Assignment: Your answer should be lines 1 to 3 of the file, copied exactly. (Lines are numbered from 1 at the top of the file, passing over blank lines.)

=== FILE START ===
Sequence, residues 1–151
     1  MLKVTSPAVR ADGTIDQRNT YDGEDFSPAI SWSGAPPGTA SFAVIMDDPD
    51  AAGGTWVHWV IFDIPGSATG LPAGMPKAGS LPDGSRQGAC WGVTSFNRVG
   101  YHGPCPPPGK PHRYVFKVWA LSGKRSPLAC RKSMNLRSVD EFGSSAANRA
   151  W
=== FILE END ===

Sequence, residues 1–151
     1  MLKVTSPAVR ADGTIDQRNT YDGEDFSPAI SWSGAPPGTA SFAVIMDDPD
    51  AAGGTWVHWV IFDIPGSATG LPAGMPKAGS LPDGSRQGAC WGVTSFNRVG